Kansas and North Carolina (practice day)
Images from a day of meeting the press at the Sprint Center in Kansas City.
Kansas City, Mo. America’s fascination with the shot-blocking sensation whose foundation was built by playing volleyball has overshadowed another aspect of Kansas University senior center Jeff Withey’s ever-improving game. Withey not only can keep others from scoring, he can be tough to keep from scoring, too.
The 7-footer from San Diego has developed into a reliable scorer who has expanded his repertoire. He always has featured dunks and short hook shots. In KU’s first NCAA Tournament game, Friday against Western Kentucky, Withey was his team’s best outside shooter by virtue of hitting a jumper from the free-throw line.
“We also made one shot for the game outside of two feet,” retorted Kansas coach Bill Self to the suggestion his team could have become the first No. 1 seed to lose to a 16 seed if Western Kentucky had made more shots. “One outside shot. That was our seven‑foot center. We didn’t exactly light it up, either.”
Withey did, making seven of nine from the field on the way to a game-high 17 points in the 64-57 victory. Western Kentucky didn’t have the size to keep him from scoring down low.
“I think he’s become better with his back to the basket,” Self said. “I am happy with him as an offensive player. His numbers don’t jump off the page, but he’s getting about 14 a game, shooting a good percentage. He’s always been a good free-throw shooter. I think we’re playing through him more, where in the past, last year we played through Thomas (Robinson). He benefited from Thomas getting doubled. Now basically others are benefiting from Jeff getting doubled.”
Withey stated expanding his shooting range as an offseason goal, and in recent weeks he has shown he met that goal.
“I worked a lot on that this summer,” Withey said. “Coach (Norm) Roberts and I shoot a lot. It’s something I didn’t do really well last year, and a couple of times last year I would get it 15 feet out, but my defender wouldn’t guard me. They would just double T-Rob (Thomas Robinson, now with the Houston Rockets). That’s something I didn’t want to happen this year.”
As usual, Withey will guard and be guarded by a shorter opponent, 6-9 sophomore James Michael McAdoo.
“I feel like he’s great on the offensive end, too,” McAdoo said. “His teammates look to find him. I think that’s a big thing that we just need to limit his touches deep in the post.”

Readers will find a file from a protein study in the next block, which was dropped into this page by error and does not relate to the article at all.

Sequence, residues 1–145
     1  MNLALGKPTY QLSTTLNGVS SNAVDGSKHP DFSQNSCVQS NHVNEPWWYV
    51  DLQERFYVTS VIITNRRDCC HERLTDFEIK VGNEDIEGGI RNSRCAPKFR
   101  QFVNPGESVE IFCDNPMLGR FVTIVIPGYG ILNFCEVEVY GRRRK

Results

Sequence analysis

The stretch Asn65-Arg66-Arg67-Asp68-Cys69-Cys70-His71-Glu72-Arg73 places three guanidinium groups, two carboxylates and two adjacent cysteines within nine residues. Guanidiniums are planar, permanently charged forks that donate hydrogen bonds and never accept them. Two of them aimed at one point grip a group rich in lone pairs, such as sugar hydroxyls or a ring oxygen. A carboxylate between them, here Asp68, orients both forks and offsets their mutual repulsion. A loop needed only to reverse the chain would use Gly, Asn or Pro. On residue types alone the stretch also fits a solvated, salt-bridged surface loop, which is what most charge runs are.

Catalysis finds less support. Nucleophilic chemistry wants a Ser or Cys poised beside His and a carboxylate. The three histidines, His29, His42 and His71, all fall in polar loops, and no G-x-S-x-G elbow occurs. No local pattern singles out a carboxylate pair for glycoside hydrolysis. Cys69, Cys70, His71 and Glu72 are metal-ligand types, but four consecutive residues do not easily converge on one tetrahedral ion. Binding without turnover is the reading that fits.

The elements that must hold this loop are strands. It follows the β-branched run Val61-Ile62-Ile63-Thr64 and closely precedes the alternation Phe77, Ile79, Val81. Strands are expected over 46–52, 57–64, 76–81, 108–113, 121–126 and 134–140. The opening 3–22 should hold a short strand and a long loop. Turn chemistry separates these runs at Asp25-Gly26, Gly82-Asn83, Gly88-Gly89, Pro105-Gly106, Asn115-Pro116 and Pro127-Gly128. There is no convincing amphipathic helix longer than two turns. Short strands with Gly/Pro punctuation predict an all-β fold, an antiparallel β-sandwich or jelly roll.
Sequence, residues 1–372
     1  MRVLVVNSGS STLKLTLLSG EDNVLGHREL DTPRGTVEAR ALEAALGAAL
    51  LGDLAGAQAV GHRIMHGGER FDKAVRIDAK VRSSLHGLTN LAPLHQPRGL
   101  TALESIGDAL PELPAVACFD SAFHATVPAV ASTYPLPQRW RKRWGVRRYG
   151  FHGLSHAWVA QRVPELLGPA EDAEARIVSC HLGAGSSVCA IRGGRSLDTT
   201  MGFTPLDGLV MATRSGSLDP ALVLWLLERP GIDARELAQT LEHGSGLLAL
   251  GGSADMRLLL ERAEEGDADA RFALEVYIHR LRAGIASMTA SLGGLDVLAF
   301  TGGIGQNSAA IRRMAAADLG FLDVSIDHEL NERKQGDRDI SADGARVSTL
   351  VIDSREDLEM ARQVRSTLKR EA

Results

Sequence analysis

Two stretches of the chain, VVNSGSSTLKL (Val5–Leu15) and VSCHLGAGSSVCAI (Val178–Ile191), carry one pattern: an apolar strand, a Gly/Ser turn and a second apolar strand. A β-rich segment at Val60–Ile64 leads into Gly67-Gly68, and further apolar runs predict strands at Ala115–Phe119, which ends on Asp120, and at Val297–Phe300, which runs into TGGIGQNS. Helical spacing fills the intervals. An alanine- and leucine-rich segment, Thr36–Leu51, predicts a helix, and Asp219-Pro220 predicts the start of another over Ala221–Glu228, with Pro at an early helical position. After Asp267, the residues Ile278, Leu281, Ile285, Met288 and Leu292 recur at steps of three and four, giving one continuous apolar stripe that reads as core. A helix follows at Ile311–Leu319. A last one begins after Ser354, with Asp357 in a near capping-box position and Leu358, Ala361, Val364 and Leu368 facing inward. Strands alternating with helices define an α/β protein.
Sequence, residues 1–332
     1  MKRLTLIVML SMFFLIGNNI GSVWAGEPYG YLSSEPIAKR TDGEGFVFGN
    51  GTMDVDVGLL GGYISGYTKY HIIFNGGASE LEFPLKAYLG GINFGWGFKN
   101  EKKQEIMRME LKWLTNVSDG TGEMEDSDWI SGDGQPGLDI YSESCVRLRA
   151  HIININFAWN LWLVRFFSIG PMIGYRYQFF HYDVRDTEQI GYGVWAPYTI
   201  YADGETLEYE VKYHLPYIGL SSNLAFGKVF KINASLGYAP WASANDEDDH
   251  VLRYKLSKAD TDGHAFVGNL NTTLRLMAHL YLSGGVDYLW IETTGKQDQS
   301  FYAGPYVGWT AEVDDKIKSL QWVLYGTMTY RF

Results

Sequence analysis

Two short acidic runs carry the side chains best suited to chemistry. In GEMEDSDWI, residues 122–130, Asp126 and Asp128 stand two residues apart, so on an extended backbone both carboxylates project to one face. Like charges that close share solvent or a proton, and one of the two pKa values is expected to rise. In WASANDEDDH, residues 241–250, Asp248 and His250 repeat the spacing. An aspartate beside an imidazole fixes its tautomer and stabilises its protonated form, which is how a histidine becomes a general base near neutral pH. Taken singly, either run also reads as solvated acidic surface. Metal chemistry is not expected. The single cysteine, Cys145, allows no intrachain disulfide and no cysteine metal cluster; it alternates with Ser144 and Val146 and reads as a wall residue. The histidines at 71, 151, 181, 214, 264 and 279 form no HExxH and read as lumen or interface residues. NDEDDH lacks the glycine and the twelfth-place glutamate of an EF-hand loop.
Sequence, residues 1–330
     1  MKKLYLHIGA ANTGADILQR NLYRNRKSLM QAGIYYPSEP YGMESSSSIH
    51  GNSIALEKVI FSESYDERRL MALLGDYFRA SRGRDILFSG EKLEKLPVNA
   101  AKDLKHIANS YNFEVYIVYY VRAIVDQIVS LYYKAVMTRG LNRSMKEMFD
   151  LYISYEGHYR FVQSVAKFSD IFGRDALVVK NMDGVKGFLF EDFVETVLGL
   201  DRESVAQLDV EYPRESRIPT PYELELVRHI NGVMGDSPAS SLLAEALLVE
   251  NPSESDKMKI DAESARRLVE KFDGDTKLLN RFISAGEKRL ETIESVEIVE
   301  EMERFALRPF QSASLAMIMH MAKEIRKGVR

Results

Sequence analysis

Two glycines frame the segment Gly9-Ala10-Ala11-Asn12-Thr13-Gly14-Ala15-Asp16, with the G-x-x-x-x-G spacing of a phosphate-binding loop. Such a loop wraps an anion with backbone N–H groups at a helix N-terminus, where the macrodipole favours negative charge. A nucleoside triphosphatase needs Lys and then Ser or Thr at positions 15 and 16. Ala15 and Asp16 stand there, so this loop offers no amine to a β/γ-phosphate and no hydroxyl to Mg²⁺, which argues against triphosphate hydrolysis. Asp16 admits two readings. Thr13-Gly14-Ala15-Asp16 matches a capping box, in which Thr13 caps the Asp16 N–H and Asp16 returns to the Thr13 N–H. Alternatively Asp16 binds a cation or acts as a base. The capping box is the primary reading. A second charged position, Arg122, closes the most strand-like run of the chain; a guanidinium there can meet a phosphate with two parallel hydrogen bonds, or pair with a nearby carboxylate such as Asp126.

Withey likened North Carolina’s personnel to that of Iowa State, but noted that whereas the Cyclones spread the floor and shoot threes from all five positions, McAdoo does not have that kind of range.
“I won’t have to play out on the perimeter as much, so I think that helps out our team a lot,” Withey said. “That way I can clog up the paint. McAdoo’s a great player. I’m not saying he’s not, but I’ll be able to clog up the paint, help everybody out if they get beat off the dribble. I think we have an advantage on the offensive side. I think we can go inside with Kevin and me. Whenever you play against four guards, you have to take advantage of it.”
Since surrounding McAdoo with four shooters who command respect behind the three-point line, the Tar Heels have played much better than a No. 8 seed, winning nine of 11 games and making it to the ACC tournament title game.
Withey was matched against Tyler Zeller in last season’s Elite Eight game and more than held his own. McAdoo came off the bench at forward for the Heels and scored 15 points.
“I know last year he was still a good shot-blocker,” McAdoo said of Withey. “But I feel like going into the game last year, we didn’t really look at that as one of the biggest things we were worried about.”
That has changed. Western Kentucky coach Ray Harper instructed his players to drive and pass. Too often, they drove and shot, leading to Withey blocking seven shots. North Carolina coach Roy Williams already knows what he’ll do if his guards make the same mistake.
“If one of our 6-foot, 3-inch guards gets an offensive rebound and tries to shoot it over Jeff, the next thing you’ll see is we’ll have another 6-foot, 3-inch assistant,” Williams said, meaning the offender will be sitting on the bench.
The battle between Withey and McAdoo will play a big part in today’s game. Isn’t it nice to consider how the players will influence the games, instead of focusing on the coaches, especially in this particular game?